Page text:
Where art thou, Ron Slay?
If you've been a spectator in Thompson-Boling Arena enjoying the 2000-01 rendition of the Tennessee Volunteer men's basketball team and their array of dazzling dunks, long-range shooting and (dare I say) stellar defense, you are not alone.
Over on the Volunteer bench sitting next to UT head coach Jerry Green with a white headband hanging limply around his neck, barely lathered with sweat sits ol' Ron, letting a No. 7 ranking and all that accompanies it pass him by.
So what has happened to our headbanded hero? Last season the highly-touted freshman from Nashville electrified the UT faithful coming off the bench with his enthusiasm, sometimes dominating the tempo of the game on both ends of the court.
He would arrive on the floor five or six minutes into the game to a standing ovation and promptly deliver a steady 10 points per game. This season, that number has dwindled to an anemic 6.5 points per game, good for eighth best on the team. Heck, even offensively-challenged Charles Hathaway is averaging more points (7.3) than Slay.
What does not show on the statistics is the number of times Slay has either dribbled off of his foot in the paint, had his shot blocked or failed to box out for rebounds. Slay has eight turnovers on the season in his 17.5 minutes per game while shooting an ice cold 38.5 percent from the floor.
When told before the season that fellow sophomore Marcus Haislip had put on 25 pounds of muscle in the off-season, Slay joked I'm already buff. If anyone has been in the same gym as me this season, it is not too difficult to see how easy it is to wrestle the ball away from this muscular specimen.
I was not in the weight room in the off-season with Ron or anyone else for that matter, but it appears that the eternal jokester was practicing his one-liners instead of his strength-training during workouts.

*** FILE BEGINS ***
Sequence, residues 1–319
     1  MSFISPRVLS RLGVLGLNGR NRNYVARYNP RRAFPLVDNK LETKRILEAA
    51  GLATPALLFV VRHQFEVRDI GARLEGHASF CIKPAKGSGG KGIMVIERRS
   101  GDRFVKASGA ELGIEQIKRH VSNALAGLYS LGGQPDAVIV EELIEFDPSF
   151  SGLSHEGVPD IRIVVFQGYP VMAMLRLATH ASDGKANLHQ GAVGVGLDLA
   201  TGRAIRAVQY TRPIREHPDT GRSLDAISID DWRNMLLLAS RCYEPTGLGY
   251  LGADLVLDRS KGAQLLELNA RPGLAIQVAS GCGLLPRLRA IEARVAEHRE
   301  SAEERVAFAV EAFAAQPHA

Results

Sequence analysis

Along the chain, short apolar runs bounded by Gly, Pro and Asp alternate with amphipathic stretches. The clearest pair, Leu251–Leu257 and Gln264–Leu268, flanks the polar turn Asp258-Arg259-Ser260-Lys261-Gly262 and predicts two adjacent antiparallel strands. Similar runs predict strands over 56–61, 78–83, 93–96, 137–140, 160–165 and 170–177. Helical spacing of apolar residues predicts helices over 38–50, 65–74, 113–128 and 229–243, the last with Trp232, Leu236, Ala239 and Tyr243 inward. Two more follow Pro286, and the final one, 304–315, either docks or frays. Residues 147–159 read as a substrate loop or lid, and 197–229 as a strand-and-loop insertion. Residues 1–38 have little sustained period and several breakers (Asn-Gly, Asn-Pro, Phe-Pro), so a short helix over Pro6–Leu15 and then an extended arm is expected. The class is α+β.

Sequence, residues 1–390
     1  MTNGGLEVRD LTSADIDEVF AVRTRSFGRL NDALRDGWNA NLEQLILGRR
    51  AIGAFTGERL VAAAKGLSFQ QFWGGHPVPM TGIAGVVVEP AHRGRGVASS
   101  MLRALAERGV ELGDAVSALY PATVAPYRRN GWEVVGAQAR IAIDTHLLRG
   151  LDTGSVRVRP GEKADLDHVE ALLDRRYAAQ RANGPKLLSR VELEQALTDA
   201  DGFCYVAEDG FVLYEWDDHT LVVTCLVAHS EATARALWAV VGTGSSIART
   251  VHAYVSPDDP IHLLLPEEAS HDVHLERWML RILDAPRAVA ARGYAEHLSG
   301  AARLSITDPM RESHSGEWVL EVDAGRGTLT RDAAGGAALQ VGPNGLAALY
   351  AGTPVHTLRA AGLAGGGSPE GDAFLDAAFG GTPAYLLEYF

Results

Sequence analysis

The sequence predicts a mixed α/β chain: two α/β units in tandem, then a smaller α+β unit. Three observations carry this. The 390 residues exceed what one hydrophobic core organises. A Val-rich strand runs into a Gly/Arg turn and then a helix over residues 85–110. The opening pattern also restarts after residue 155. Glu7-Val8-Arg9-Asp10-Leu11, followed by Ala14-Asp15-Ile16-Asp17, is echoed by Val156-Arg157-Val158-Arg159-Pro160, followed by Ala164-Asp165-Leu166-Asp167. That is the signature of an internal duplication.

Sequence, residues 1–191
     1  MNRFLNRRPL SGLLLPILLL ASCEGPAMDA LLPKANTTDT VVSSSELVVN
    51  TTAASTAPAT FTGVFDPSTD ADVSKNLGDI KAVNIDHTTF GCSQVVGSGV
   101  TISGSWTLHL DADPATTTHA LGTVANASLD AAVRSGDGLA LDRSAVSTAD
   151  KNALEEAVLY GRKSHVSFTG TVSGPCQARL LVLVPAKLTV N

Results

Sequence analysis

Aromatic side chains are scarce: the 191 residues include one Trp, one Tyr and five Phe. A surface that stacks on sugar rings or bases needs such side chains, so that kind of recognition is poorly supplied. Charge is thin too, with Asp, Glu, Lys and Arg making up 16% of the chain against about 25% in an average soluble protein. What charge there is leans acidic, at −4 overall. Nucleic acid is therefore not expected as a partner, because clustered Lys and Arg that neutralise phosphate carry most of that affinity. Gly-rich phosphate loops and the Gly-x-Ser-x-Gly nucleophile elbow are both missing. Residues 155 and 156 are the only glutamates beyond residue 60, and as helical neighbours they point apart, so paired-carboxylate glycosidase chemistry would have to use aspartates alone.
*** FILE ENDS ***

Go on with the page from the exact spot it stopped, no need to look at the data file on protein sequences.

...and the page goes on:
My advice to Slay is to consult with Tennessee forward Vincent Yarbrough whose drastic improvement over the past two seasons has garnered rave reviews from Green and his teammates. The surge in the junior's play can be directly attributed to his intense off-season training, basically strengthening his body after his freshman year, and his game last summer.
Better yet, Slay could ask former Pearl-Cohn High School teammate and current Tennessee All-American defensive tackle John Henderson what it takes improve enough to become a team leader. Henderson has been revered by Volunteer football coaches as being the hardest worker on the team.
Is Slay is a bad basketball player? Not at all. I saw what he could do last season, and so did everybody else. He's just not playing up to his capabilities thus far this season.
Look, I'm a realistic guy. I realize the Vols have played only four games. I realize some of the early-season opponents have not allowed Slay to get his usual serving-size of minutes. All I'm saying is the Ron Slay that chest-bumps every starter during the announcements of the lineups before each game looks like an impostor after the whistle blows.
Even the cult following of the Slay Nation has noticed something is wrong. The standing ovation that reverberated through every nook and cranny of Thompson-Boling Arena last year when Slay entered the contest has been reduced to a sparse applause and a few hollow cheers.
Those voices seem to be asking what every Volunteer basketball follower wants to know: Will the real Ron Slay please stand up?
Brad Shepard can be reached at email@example.com.
Slay's slow start raises concerns among fans
Published: Thu Nov 30, 2000 | Modified: Sat Aug 06, 2005 03:22 p.m.